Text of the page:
They can vote for or against specific plans that are posted, including those being discussed in Copenhagen. And they can vote for or against comments made by other visitors. On scientific issues—for example, what fraction of carbon dioxide emissions ends up in the upper atmosphere—participating experts may sometimes agree on the “right” answer. When they don’t, other participants can learn from their discussion and debate.
Permitting people to vote provides a powerful means of focusing in on possibilities that are the most plausible or most promising. “We refer to this approach as ‘electronic democracy on steroids’ because it lets many, many people express their opinions about even fairly detailed issues if they care to,” says Malone.
If they do not care to, they will be able to appoint others to vote on their behalf. An individual might, for example, give his or her proxy to the National Academy of Sciences for scientific issues and to the Sierra Club for political issues—but retain the right to vote as an individual on issues related to the division of responsibility between industrial and developing countries.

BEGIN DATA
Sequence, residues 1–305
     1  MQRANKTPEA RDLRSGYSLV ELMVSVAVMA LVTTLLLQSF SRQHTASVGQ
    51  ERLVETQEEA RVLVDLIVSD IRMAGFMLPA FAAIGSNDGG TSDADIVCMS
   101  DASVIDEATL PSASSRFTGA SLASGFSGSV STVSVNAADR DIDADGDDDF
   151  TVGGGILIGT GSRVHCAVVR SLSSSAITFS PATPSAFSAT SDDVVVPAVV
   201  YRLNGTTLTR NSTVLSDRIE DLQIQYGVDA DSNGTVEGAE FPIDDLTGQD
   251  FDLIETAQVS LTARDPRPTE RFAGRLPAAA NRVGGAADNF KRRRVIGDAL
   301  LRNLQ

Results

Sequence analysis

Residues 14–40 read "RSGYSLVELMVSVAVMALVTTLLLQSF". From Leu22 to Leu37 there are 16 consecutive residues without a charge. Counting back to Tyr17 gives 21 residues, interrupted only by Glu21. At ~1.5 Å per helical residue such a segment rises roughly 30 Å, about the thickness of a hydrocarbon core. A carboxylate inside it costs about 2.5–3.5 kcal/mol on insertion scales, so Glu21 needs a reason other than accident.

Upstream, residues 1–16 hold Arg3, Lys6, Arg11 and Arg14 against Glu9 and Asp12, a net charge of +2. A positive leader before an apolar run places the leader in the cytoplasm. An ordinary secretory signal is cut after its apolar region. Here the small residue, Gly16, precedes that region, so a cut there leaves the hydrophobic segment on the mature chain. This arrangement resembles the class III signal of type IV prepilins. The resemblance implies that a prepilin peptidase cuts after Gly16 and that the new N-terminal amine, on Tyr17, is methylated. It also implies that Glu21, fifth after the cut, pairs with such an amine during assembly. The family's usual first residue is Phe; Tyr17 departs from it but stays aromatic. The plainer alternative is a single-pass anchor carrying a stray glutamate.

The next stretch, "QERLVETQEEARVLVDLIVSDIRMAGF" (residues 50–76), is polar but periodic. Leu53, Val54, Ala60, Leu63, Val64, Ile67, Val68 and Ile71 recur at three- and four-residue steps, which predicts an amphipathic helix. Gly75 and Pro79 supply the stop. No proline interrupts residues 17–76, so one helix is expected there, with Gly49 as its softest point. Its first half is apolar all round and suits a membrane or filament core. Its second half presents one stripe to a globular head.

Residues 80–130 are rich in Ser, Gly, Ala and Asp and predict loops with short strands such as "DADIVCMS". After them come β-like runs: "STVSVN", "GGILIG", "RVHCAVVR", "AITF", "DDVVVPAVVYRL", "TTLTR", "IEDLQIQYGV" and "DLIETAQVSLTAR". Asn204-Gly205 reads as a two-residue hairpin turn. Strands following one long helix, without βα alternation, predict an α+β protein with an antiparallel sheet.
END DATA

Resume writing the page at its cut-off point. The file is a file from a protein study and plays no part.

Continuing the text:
The researchers spent considerable time and effort recruiting, motivating, and organizing the Collaboratorium’s first contributors and moderators. Since the website’s launch in November 2009, the number of participants has grown. But the pressure is on to engage an ever-larger community of both experts and non-experts—large enough to achieve the wisdom of collective intelligence.
“In the extreme form,” says Malone, “you can imagine the Climate Collaboratorium as a kind of societal institution where many tens or even hundreds of thousands of people around the world are actively involved, contributing information, expressing their opinions, and helping to formulate the best possible plan for the world to deal with climate change.”
This research was supported by a seed grant from the MIT Energy Initiative. Other sponsors included Sustainability@MIT and the Argosy Foundation. More information can be found at the Climate Collaboratorium project page at the MIT Center for Collective Intelligence and in the following publications:
T. Malone and M. Klein. “Harnessing collective intelligence to address global climate change.” Innovations, summer 2007, pp. 15–26.
T. Malone, R. Laubacher, J. Introne, M. Klein, H. Abelson, J. Sterman, and G. Olson. The Climate Collaboratorium: Project Overview. MIT Center for Collective Intelligence Working Paper No. 2009-003 (cci.mit.edu/publications/CCIwp2009-03.pdf).
This article appears in the Spring 2009 issue of Energy Futures.